I have decided to explore the topics of dam construction on the Mekong River, the palm oil industry, and the positive and negative effects of tourism in Bali. The Mekong River is an essential habitat for freshwater fish in the world and it also holds immense economic and political potential in the form of electrical energy. The issue of the Mekong region is significant for society because it offers a glimpse into how government will handle wicked problems involving society, environment, and economics. The palm oil industry is gripping the Indonesian landscape, economics, and society. With this bustling business comes various problems ranging from deforestation to human rights violations. This is a significant societal issue because all around the globe nations utilize palm oil which is in a variety of products and often times the oil is coming from very unsustainable locations. The negative effects of tourism in Bali are significant to society as a whole because similar problems arise in any area that experiences an influx of tourists. By examining how Bali has handled some of the issues, another nation can better handle their own tourism practices.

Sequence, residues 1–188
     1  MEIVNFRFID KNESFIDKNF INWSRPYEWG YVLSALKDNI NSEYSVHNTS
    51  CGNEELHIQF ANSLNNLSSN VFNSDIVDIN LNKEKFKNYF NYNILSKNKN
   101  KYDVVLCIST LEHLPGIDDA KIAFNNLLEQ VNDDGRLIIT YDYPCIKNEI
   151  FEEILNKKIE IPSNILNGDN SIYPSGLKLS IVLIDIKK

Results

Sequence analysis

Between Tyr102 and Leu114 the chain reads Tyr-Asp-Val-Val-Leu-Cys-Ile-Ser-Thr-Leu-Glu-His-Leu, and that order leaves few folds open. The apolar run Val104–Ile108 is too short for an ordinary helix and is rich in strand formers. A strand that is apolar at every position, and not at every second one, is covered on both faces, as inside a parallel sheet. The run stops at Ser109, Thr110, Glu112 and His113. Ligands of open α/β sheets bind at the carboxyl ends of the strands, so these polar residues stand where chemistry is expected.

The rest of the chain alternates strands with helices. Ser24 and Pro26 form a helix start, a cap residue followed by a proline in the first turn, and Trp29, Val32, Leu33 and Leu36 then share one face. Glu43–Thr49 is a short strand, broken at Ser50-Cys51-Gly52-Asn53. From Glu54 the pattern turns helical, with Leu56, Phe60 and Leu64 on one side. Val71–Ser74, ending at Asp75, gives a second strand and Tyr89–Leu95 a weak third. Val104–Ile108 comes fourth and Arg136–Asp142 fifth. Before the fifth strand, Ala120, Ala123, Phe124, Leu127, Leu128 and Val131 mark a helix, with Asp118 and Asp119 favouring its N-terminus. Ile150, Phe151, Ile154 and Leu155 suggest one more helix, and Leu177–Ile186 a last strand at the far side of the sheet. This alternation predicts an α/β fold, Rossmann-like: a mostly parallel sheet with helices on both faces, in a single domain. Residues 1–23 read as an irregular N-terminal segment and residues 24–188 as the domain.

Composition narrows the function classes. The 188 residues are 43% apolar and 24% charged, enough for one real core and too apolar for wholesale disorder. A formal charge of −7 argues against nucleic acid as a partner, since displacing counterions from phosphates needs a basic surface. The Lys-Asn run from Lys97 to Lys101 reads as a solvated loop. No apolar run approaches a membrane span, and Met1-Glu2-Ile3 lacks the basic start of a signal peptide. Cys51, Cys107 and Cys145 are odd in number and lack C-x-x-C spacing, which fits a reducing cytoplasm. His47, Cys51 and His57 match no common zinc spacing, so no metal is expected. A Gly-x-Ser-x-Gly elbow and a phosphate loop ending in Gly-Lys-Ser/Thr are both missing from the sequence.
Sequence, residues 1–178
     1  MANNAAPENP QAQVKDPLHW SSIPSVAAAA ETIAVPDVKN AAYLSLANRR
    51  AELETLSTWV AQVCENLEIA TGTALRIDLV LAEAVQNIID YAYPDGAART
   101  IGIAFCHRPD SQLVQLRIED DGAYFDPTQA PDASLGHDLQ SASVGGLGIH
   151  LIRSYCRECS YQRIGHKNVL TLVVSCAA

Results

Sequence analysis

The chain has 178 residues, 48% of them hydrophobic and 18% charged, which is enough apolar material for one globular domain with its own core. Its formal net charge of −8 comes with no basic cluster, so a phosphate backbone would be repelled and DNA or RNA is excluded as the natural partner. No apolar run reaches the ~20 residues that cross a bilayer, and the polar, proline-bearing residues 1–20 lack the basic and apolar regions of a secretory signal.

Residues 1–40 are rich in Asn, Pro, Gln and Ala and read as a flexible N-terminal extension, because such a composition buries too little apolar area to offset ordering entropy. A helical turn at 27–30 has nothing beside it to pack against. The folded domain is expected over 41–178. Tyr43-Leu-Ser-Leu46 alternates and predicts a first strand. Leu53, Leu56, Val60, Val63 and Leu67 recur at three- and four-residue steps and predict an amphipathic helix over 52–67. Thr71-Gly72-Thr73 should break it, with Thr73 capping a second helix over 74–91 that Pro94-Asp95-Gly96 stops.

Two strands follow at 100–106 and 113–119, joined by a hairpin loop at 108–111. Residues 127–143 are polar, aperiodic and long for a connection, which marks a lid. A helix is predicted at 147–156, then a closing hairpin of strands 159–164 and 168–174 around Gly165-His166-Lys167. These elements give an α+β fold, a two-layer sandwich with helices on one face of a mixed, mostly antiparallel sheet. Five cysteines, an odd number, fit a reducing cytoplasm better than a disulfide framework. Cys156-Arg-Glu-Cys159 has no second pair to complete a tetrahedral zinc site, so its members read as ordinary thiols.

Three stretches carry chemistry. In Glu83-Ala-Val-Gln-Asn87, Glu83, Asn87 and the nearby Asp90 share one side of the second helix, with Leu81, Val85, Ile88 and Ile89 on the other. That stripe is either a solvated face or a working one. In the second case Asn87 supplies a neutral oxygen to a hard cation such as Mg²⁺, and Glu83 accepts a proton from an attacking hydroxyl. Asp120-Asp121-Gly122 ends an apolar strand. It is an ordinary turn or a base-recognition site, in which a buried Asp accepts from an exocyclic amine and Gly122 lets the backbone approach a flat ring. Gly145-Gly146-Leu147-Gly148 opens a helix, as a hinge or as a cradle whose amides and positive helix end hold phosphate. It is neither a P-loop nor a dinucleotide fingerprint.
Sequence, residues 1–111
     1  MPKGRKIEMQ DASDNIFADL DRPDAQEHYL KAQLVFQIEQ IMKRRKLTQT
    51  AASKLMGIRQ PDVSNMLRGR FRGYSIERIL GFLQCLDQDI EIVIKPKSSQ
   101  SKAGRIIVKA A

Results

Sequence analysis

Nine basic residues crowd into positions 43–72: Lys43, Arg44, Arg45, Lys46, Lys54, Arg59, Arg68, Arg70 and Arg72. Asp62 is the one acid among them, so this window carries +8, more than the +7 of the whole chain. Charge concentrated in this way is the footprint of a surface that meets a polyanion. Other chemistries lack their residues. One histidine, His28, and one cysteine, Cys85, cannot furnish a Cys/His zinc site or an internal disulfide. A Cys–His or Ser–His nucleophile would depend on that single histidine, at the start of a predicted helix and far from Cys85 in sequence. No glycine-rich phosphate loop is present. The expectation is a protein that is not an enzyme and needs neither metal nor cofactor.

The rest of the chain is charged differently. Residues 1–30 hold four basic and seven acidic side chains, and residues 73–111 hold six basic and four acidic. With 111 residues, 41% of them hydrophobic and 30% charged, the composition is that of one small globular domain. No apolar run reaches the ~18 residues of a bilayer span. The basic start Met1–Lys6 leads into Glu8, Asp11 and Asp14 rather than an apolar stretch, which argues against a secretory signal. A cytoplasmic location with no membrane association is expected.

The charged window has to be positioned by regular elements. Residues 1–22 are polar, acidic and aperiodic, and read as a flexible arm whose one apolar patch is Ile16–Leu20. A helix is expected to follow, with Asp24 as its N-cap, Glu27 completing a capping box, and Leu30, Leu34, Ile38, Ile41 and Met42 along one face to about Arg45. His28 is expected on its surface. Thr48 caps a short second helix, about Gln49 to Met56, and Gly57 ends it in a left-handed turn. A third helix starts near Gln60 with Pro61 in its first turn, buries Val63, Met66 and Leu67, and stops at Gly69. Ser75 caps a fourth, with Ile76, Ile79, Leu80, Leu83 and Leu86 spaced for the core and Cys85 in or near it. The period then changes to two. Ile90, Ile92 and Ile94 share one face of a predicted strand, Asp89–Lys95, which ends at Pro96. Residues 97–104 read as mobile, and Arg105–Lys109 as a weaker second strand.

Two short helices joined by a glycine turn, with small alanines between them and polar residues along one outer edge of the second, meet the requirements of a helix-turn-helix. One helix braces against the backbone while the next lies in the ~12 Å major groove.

Along the Mekong River in Laos, multiple dams are being built for electric, and in turn, economic power which is proving to be detrimental to the river fish population due to blockage of migratory routes and lowered sediment flow to the Mekong delta. There are two dams under construction, with a total of nine planned, which experts predict will cut out over a third of the basin’s annual river fish haul. The social aspect of this issue come into play due to the fact that the region’s 60 million people rely on the annual fish harvest for a source of food and also income. The multifarious dams and dwindling fish supply leaves Laos on the brink of a food security and economic crisis. The governmental officials from Laos state, “[they] aspire to become the battery of Southeast Asia,” by creating the dams. Through the creation of the dams the government would get large economic gains because they would be powering much of Southeast Asia. The environment of the region is teeming with biodiversity, having eight of the biggest freshwater fishes found in the world-including three endangered migratory fish the Mekong giant catfish, dog-eating catfish, and the giant Siamese carp. These fish rely on the Mekong river as a passage to their spawning grounds. The human components interact with the natural components in multiple ways. The humans rely on the fish for a majority of their food. They also use the fishery as a source of income. The fish population is controlled through the annual harvest which helps to sustain the balance of biodiversity in the region. In order to keep the Mekong River sustainable in regards to society, economics, and the environment decisions need to be made in a timely manner because with every nut and bolt built on the dams the region creeps closer and closer to disarray.